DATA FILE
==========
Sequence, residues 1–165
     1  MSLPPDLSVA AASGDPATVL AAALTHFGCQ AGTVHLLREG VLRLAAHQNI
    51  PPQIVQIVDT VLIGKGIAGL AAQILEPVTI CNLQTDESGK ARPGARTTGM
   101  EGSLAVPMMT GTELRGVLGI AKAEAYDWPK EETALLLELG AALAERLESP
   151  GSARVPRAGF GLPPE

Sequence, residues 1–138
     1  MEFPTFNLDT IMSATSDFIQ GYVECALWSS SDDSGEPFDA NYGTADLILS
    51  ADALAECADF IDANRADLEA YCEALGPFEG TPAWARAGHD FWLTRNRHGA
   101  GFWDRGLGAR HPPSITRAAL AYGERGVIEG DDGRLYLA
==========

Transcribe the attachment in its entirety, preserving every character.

Sequence, residues 1–165
     1  MSLPPDLSVA AASGDPATVL AAALTHFGCQ AGTVHLLREG VLRLAAHQNI
    51  PPQIVQIVDT VLIGKGIAGL AAQILEPVTI CNLQTDESGK ARPGARTTGM
   101  EGSLAVPMMT GTELRGVLGI AKAEAYDWPK EETALLLELG AALAERLESP
   151  GSARVPRAGF GLPPE

Sequence, residues 1–138
     1  MEFPTFNLDT IMSATSDFIQ GYVECALWSS SDDSGEPFDA NYGTADLILS
    51  ADALAECADF IDANRADLEA YCEALGPFEG TPAWARAGHD FWLTRNRHGA
   101  GFWDRGLGAR HPPSITRAAL AYGERGVIEG DDGRLYLA